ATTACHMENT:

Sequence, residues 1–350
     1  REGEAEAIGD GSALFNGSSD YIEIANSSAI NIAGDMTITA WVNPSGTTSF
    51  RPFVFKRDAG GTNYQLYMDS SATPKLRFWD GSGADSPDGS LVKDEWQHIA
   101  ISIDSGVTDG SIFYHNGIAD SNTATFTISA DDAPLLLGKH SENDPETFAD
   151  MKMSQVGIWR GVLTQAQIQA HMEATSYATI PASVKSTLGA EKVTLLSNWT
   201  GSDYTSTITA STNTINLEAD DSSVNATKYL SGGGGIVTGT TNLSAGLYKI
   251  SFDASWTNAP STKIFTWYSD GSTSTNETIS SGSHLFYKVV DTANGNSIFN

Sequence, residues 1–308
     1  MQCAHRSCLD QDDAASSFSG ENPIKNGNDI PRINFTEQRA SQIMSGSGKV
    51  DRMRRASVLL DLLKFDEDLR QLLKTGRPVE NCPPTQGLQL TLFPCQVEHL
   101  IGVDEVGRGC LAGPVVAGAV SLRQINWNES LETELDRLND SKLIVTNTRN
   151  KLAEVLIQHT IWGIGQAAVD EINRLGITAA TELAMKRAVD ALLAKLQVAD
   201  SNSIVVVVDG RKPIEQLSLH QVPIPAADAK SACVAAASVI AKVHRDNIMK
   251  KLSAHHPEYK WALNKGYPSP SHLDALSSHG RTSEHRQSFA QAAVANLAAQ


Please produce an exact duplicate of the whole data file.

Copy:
Sequence, residues 1–350
     1  REGEAEAIGD GSALFNGSSD YIEIANSSAI NIAGDMTITA WVNPSGTTSF
    51  RPFVFKRDAG GTNYQLYMDS SATPKLRFWD GSGADSPDGS LVKDEWQHIA
   101  ISIDSGVTDG SIFYHNGIAD SNTATFTISA DDAPLLLGKH SENDPETFAD
   151  MKMSQVGIWR GVLTQAQIQA HMEATSYATI PASVKSTLGA EKVTLLSNWT
   201  GSDYTSTITA STNTINLEAD DSSVNATKYL SGGGGIVTGT TNLSAGLYKI
   251  SFDASWTNAP STKIFTWYSD GSTSTNETIS SGSHLFYKVV DTANGNSIFN

Sequence, residues 1–308
     1  MQCAHRSCLD QDDAASSFSG ENPIKNGNDI PRINFTEQRA SQIMSGSGKV
    51  DRMRRASVLL DLLKFDEDLR QLLKTGRPVE NCPPTQGLQL TLFPCQVEHL
   101  IGVDEVGRGC LAGPVVAGAV SLRQINWNES LETELDRLND SKLIVTNTRN
   151  KLAEVLIQHT IWGIGQAAVD EINRLGITAA TELAMKRAVD ALLAKLQVAD
   201  SNSIVVVVDG RKPIEQLSLH QVPIPAADAK SACVAAASVI AKVHRDNIMK
   251  KLSAHHPEYK WALNKGYPSP SHLDALSSHG RTSEHRQSFA QAAVANLAAQ